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Kyrgyzstan: Power plant blame game threatens political showdown

An opaque deal with a Chinese company is both business as usual and cause for political scandal in Kyrgyzstan.

Technician in a control room at the Bishkek Thermal Power Station on January 29, 2018. (Photo by Danil Usmanov)

What should a pair of pliers cost?

Questions like these are at the heart of an ongoing parliamentary inquiry in Kyrgyzstan on the recent contentious modernization of a power plant in the capital.

The hearings, which were occasioned by a cataclysmic breakdown at the plant in January, have revived a political scandal that is threatening to engulf a raft of top officials from a previous ruling administration and are raising questions about the nation’s relations with China. 

Bishkek thermal power plants, or TETs, as it is known universally in its Russian-language acronym, keeps the city habitable. As well as providing electricity, it also pumps heated water into apartments. The Soviet-built facility dating to the 1960s had long been in need of a spruce-up, however.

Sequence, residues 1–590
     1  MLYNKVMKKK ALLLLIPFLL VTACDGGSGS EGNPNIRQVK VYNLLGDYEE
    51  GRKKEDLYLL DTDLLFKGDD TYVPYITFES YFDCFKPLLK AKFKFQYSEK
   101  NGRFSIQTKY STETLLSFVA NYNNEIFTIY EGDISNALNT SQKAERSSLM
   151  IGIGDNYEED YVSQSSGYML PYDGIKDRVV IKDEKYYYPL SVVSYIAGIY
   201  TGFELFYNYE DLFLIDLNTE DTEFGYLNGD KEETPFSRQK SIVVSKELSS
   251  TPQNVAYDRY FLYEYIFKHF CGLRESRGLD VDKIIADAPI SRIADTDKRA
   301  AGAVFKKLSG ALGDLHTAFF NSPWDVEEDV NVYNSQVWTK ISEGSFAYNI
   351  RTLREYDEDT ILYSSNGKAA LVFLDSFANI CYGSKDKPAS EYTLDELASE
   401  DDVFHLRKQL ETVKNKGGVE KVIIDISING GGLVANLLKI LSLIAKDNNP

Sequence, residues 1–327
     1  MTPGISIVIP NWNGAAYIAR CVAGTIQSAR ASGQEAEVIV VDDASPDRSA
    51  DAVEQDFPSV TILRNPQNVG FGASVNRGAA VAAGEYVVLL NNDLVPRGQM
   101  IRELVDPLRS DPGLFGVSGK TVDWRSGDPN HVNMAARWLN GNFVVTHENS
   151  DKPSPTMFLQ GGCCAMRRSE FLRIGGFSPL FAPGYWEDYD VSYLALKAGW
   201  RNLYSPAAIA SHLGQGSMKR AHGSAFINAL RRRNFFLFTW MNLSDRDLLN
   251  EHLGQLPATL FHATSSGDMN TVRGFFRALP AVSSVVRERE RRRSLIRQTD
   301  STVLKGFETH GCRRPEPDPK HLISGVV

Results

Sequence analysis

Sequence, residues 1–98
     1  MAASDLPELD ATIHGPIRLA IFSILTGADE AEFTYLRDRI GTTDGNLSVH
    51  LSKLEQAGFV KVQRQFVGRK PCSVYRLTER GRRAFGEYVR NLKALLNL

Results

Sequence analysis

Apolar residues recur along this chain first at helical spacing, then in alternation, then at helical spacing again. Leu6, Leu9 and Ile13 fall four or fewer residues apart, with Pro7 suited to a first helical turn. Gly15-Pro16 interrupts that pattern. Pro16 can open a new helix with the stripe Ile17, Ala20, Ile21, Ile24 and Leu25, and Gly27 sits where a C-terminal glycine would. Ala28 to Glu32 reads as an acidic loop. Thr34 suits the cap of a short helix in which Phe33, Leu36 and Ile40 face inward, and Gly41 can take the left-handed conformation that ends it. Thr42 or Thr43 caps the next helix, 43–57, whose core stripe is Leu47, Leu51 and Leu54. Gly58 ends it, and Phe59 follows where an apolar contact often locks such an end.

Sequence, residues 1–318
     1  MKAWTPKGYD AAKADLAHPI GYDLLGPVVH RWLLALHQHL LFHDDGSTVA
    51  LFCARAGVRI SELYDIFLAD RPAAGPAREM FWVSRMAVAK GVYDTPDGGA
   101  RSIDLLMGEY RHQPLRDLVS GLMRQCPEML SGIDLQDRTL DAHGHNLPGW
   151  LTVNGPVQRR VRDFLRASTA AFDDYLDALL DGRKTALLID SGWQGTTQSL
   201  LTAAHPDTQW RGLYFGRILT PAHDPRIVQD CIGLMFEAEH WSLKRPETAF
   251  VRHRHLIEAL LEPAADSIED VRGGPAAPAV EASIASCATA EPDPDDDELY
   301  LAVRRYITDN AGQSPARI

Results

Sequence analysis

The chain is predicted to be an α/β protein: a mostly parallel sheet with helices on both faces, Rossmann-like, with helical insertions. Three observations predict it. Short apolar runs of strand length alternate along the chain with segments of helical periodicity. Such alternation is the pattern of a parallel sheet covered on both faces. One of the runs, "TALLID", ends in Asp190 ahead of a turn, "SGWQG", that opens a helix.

It was only in recent years that there was any firm progress on the renovation. China’s government would lend large sums of cash to fund it, but with one catch. Beijing would get to choose who would do the work.

A precedent for this model was set by a project to build the Datka-Kemin high-voltage power line, which joined power grids in the north and south of Kyrgyzstan in 2015. The state-run Exim Bank of China lent $389 million — at 2 percent annual interest to be paid back within 20 years — and the work was done by a company called Tebian Electric Apparatus (TBEA).

When the line was completed, TBEA began to look around for other contracts in Kyrgyzstan’s energy sector, which is how the TETs deal happened.

Lobbying for China?

The parliamentary inquiry on TETs that began on May 10 has a few broad goals. One is to understand specifically how the modernization contract was doled out. Another is whether shortcomings in the work are what caused the breakdown in January that left around 200,000 homes heatless for about five days just as temperatures outside had dropped to almost -30 degrees Celsius (-22 Fahrenheit).

Among the people summoned to give testimony in parliament were the recently fired prime minister, Sapar Isakov, and two former occupants of that office, Jantoro Satybaldiyev and Temir Sariyev. All were somehow involved the TETs reconstruction initiative.